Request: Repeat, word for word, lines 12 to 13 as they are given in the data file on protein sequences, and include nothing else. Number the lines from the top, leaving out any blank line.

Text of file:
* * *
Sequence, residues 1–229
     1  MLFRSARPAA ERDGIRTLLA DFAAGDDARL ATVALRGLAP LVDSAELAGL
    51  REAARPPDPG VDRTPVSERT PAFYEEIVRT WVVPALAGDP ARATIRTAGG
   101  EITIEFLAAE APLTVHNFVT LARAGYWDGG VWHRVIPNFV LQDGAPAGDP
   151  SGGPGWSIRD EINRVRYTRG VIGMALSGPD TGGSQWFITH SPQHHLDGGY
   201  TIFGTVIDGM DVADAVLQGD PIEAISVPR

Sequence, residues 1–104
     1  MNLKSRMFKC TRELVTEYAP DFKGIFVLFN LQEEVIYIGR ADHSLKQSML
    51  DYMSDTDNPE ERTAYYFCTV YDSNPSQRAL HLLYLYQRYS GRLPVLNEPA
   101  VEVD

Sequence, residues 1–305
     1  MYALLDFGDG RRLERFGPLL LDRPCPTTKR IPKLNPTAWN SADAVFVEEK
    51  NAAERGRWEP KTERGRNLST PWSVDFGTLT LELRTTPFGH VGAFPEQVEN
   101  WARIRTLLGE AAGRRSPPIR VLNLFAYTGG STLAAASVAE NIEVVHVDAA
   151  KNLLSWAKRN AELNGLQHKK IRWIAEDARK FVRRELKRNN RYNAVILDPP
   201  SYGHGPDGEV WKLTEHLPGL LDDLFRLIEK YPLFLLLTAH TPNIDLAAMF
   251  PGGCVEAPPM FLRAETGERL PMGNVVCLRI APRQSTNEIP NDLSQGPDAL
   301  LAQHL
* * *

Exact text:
     1  MYALLDFGDG RRLERFGPLL LDRPCPTTKR IPKLNPTAWN SADAVFVEEK
    51  NAAERGRWEP KTERGRNLST PWSVDFGTLT LELRTTPFGH VGAFPEQVEN